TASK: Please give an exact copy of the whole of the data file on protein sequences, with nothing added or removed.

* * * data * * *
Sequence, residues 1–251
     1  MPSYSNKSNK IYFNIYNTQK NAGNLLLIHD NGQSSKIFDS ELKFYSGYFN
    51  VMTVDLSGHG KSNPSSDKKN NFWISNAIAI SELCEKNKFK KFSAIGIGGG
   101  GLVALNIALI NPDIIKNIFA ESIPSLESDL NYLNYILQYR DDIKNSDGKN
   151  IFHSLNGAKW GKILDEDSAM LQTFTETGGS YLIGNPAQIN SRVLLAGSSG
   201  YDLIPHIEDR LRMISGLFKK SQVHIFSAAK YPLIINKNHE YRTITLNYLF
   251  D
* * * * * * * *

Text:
Sequence, residues 1–251
     1  MPSYSNKSNK IYFNIYNTQK NAGNLLLIHD NGQSSKIFDS ELKFYSGYFN
    51  VMTVDLSGHG KSNPSSDKKN NFWISNAIAI SELCEKNKFK KFSAIGIGGG
   101  GLVALNIALI NPDIIKNIFA ESIPSLESDL NYLNYILQYR DDIKNSDGKN
   151  IFHSLNGAKW GKILDEDSAM LQTFTETGGS YLIGNPAQIN SRVLLAGSSG
   201  YDLIPHIEDR LRMISGLFKK SQVHIFSAAK YPLIINKNHE YRTITLNYLF
   251  D